According to the World Health Organization, breast cancer is the most common type of cancer, affecting over 2.2 million people in 2020. It is the leading cause of death among women, with estimates suggesting that 1 in 12 will develop it in their lifetime. The treatment of breast cancer has seen significant advancements in recent decades due to early detection, new drugs, radiotherapy, and chemotherapy. However, there is still much ground to cover, particularly in cases of advanced breast cancer with metastasis, which, as of now, are incurable.
The introduction of CDK4/6 inhibitors has marked a turning point in the treatment of metastatic breast cancer, given their favourable toxicity profile and effective response. However, not all patients respond, and some eventually show disease progression. Furthermore, recent research into the mode of action of these inhibitors suggests a regulatory role in patients' immune response. CDKs (cyclin-dependent kinases) are proteins involved in tumour growth, hence the keen interest in finding effective ways to inhibit their activity. Within this framework, the collaborative InMaM project aims to meticulously characterise the immunomodulatory capacity of these drugs and their impact on tumour development.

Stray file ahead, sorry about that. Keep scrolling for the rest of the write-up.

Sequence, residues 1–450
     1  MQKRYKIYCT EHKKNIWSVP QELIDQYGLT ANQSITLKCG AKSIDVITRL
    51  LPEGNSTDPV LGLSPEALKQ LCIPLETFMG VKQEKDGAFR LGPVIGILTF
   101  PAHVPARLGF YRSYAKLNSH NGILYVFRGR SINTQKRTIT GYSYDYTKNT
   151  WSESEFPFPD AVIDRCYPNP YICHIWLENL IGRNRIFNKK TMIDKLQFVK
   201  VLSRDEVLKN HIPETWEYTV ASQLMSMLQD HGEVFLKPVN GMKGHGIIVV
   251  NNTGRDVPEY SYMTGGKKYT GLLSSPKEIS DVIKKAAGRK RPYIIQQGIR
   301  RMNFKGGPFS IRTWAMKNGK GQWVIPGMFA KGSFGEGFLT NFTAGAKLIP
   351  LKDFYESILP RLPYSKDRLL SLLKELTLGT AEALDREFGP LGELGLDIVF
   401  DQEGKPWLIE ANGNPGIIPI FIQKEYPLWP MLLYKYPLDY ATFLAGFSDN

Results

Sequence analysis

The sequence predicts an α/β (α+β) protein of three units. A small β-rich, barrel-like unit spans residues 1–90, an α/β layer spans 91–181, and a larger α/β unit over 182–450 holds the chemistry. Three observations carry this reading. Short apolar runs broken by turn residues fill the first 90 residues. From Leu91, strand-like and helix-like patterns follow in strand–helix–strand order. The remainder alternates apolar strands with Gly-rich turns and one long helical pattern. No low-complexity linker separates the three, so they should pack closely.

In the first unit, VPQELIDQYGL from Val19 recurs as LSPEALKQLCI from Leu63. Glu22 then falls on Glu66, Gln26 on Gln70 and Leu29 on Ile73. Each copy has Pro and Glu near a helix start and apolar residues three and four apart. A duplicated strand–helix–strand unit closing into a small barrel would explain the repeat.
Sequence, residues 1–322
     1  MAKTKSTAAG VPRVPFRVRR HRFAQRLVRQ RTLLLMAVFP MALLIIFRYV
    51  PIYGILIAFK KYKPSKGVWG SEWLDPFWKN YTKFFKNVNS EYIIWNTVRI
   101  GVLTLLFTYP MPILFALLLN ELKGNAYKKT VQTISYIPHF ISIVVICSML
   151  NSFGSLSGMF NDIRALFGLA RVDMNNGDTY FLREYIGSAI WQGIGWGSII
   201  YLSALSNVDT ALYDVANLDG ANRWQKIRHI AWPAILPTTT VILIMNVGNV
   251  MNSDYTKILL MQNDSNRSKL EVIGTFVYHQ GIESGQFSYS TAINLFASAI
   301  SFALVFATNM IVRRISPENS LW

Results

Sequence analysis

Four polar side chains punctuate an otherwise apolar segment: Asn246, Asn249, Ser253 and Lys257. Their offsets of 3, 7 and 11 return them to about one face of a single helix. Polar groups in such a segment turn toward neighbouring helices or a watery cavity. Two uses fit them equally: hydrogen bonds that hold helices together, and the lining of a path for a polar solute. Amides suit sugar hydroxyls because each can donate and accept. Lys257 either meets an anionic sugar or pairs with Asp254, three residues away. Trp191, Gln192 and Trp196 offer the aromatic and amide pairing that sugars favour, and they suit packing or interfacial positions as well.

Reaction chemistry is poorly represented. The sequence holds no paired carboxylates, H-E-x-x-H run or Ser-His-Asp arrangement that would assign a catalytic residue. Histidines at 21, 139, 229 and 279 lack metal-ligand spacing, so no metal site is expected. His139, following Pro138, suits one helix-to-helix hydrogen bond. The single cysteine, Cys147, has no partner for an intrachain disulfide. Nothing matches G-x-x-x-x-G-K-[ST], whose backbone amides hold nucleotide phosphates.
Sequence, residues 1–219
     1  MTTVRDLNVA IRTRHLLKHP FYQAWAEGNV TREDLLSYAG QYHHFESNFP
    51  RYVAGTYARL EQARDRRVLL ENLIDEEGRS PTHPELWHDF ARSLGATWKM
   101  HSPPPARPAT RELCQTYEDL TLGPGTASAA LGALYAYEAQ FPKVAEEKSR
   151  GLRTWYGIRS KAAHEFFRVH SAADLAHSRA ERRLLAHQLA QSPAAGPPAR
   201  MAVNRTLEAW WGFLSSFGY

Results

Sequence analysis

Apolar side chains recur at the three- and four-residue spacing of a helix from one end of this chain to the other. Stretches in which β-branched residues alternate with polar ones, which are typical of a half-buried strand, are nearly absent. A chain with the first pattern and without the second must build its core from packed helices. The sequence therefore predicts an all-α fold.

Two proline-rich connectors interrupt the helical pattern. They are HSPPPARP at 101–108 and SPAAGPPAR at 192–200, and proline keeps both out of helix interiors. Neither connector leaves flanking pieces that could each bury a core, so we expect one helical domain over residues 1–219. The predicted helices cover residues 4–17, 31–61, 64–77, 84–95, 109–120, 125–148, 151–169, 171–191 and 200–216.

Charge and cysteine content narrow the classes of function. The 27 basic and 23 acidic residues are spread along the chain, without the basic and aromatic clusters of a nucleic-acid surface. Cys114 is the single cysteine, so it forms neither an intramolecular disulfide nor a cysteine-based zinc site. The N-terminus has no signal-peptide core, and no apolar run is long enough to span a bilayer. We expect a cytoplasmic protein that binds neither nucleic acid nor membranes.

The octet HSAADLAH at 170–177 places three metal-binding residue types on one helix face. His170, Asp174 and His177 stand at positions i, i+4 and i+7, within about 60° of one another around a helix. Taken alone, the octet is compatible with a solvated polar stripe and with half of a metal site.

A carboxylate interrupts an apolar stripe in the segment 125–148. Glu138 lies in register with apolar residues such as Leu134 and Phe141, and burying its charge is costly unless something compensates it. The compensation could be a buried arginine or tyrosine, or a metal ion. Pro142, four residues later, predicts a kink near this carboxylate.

Thus, the project's aim is to define and characterise the molecular mechanisms responsible for the immunomodulatory effects of the CDK4/6 protein inhibitors. This is with a view to provide a biological foundation for the development of treatment response biomarkers and new immunotherapeutic strategies.
To acheive this, the researchers from the InMaM project employ cutting-edge techniques to analyse gene activity at the single-cell level. This allows them to identify and characterise the effect of the CDK4/6 inhibitor treatment on the immune system and its regulatory pathways in patients. Through this analysis, they can identify potential biomarkers for treatment response, which, in turn, will also enable monitoring of disease progression and the antitumour response in the blood.
Additionally, the outcomes from this project will enable the development of new immunotherapy strategies and laboratory study models to conduct preclinical proof-of-concept tests, and to determine the efficacy of new drugs for their potential clinical use.